Rep. Garry Smith: So. Carolina Higher Ed Failing to Teach Constitution

"You wonder how [millenials] got such a warped sense of governance.”

As reported by The Daily Caller, Clemson University, as well as other colleges in South Carolina, are not teaching the United States Constitution or other founding American documents, despite the legal requirement to do so. This is of grave concern to South Carolina Representative Garry Smith.

According to South Carolina’s statute 59-29-120:

“All high schools, colleges, and universities in this State that are sustained or in any manner supported by public funds shall give instruction in the essentials of the United States Constitution, the Declaration of Independence, and the Federalist Papers.”

The statute specifies that our country’s founding documents should be taught “for at least one year of the high school, college and university grades, respectively.” Furthermore:

“Willful neglect or failure…shall be sufficient cause for the dismissal or removal of such person from his position.”

Despite the state’s requirement, Clemson has no such requirement, while requiring three credit hours per student of “cross cultural awareness.”

As revealed by a 2015 survey of institutions of higher learning, 42 percent of Clemson students never take a course on the founding documents of the U.S. In fact, several schools fail to require the study of founding documents for one year. Those include University of South Carolina (USC), Clemson University, The Citadel, College of Charleston, Francis Marion University, Lander University, SC State, and Winthrop.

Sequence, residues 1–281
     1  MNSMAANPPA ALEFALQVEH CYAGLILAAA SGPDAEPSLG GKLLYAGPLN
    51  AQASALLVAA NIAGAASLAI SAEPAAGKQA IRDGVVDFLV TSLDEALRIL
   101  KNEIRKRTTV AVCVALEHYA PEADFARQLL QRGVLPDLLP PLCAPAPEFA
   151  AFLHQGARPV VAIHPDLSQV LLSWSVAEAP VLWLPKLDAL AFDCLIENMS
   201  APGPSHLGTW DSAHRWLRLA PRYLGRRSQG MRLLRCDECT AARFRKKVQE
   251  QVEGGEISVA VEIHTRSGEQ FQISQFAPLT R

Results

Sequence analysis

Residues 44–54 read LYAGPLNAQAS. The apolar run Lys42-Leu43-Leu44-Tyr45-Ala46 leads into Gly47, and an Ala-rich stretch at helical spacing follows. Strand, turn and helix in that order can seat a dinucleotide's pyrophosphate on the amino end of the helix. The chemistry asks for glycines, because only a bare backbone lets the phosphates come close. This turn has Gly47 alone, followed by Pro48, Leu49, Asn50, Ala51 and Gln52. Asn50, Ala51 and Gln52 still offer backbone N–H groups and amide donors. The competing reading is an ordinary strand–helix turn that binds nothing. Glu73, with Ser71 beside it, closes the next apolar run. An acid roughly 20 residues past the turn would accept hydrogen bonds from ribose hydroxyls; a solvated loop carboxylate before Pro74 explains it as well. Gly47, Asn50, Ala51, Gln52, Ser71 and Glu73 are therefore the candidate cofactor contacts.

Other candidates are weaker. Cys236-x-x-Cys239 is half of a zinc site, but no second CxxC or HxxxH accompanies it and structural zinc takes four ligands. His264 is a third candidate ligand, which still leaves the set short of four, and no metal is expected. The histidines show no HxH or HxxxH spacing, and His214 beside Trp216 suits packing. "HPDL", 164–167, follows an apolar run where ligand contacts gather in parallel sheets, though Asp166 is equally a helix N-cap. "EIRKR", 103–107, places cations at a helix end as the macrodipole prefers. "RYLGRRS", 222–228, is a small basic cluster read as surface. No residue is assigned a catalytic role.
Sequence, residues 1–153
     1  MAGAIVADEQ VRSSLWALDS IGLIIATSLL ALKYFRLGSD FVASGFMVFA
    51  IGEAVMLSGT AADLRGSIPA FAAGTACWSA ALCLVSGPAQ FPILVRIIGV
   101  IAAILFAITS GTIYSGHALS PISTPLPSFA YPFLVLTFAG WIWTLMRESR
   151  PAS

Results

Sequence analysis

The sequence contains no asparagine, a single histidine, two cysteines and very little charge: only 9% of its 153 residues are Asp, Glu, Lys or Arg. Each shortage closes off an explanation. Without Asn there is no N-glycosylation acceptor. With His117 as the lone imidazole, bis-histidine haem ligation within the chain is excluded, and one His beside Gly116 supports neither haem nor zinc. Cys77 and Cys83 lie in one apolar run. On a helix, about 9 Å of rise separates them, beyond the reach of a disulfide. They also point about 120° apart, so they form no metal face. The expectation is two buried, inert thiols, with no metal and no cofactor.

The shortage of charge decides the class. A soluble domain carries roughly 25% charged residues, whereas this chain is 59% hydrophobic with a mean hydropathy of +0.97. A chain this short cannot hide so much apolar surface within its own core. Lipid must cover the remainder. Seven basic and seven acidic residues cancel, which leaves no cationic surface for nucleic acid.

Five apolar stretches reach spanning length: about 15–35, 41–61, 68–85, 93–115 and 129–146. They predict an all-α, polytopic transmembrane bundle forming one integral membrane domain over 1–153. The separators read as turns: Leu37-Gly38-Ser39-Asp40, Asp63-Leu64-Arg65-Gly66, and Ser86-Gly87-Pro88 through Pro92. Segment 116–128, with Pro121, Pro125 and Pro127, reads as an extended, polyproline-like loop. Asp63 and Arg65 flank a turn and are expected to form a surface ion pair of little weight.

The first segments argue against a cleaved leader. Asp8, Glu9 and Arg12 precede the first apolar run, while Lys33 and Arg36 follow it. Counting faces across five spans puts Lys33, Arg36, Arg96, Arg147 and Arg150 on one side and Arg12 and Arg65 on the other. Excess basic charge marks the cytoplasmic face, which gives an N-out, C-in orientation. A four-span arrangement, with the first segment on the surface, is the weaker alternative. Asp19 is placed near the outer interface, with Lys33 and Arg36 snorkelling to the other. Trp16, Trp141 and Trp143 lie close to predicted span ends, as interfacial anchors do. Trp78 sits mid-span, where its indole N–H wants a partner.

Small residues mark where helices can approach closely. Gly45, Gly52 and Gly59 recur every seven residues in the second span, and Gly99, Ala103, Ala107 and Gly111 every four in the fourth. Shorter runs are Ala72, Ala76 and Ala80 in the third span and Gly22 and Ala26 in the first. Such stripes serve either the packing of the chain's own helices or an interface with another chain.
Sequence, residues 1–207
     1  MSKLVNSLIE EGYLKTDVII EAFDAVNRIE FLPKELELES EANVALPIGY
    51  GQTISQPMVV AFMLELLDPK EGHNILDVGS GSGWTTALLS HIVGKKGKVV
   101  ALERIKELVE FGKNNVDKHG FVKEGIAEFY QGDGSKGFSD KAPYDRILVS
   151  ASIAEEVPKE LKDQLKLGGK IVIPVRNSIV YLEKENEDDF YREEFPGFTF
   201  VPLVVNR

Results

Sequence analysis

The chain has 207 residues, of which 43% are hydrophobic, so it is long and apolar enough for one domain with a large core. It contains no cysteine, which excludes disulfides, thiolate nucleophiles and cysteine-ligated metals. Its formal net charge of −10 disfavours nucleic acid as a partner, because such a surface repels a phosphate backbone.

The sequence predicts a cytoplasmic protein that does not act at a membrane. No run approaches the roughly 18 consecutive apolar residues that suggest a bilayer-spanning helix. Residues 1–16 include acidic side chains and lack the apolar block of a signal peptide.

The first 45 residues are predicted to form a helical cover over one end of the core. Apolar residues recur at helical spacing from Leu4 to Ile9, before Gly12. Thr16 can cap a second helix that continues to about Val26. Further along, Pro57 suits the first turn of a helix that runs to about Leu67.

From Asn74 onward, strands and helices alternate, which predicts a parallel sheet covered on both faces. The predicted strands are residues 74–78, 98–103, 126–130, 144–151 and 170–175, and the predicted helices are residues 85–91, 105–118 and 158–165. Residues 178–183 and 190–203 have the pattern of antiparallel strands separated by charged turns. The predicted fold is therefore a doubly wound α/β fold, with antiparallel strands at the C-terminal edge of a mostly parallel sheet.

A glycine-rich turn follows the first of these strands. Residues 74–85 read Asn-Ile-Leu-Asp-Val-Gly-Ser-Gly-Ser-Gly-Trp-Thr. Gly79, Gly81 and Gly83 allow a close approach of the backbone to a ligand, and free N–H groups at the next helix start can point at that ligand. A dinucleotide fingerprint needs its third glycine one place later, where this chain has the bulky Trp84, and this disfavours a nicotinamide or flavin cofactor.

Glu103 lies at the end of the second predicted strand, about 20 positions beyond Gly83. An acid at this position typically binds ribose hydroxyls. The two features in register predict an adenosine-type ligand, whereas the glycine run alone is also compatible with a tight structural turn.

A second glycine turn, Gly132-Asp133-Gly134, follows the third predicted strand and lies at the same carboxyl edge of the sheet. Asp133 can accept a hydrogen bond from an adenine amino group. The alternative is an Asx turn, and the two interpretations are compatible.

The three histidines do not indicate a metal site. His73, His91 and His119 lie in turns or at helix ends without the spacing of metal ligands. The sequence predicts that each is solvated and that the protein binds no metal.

Perplexingly, USC President Harris Pastides contends that, to comply with the legal requirement, would cause “an academic logjam.”  

Representative Smith says there is a high cost to the lack of compliance, and that universities seem to believe they needn’t adhere to the provision:

“One of the problems we have is that those students who graduate aren’t really prepared to be good citizens in a representative democracy. The Higher Education Commission is supposed to fire the president of the university, which it can’t do. That’s a problem with the current law. [Colleges] have gotten the feeling that they’re independent to the point that they don’t even comply with — and they’re not a part of — the state overall financial system.”

Furthermore, regarding American millenials’ embrace of communism and socialism, Smith laments:

“It shows a lack of understanding about their representative republic. You wonder who is teaching them, what they’re teaching them, and how they got such a warped sense of governance.”